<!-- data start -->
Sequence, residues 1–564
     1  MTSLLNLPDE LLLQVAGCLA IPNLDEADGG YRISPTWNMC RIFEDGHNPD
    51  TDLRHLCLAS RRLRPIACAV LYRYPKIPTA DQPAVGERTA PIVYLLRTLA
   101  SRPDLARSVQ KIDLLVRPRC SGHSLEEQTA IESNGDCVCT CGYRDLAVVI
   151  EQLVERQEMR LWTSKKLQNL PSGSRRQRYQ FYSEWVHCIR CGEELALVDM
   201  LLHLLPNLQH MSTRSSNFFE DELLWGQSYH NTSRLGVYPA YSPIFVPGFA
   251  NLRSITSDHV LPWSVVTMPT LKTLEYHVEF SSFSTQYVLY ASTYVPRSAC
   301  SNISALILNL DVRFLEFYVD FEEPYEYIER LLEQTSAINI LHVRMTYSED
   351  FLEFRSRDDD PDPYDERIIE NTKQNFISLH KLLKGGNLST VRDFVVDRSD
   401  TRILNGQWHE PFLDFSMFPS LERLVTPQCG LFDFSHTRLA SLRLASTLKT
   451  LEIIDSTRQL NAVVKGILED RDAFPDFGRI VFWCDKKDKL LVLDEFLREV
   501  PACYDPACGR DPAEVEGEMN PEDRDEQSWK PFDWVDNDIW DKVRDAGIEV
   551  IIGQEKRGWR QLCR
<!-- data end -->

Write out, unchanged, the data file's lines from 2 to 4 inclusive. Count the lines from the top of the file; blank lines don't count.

     1  MTSLLNLPDE LLLQVAGCLA IPNLDEADGG YRISPTWNMC RIFEDGHNPD
    51  TDLRHLCLAS RRLRPIACAV LYRYPKIPTA DQPAVGERTA PIVYLLRTLA
   101  SRPDLARSVQ KIDLLVRPRC SGHSLEEQTA IESNGDCVCT CGYRDLAVVI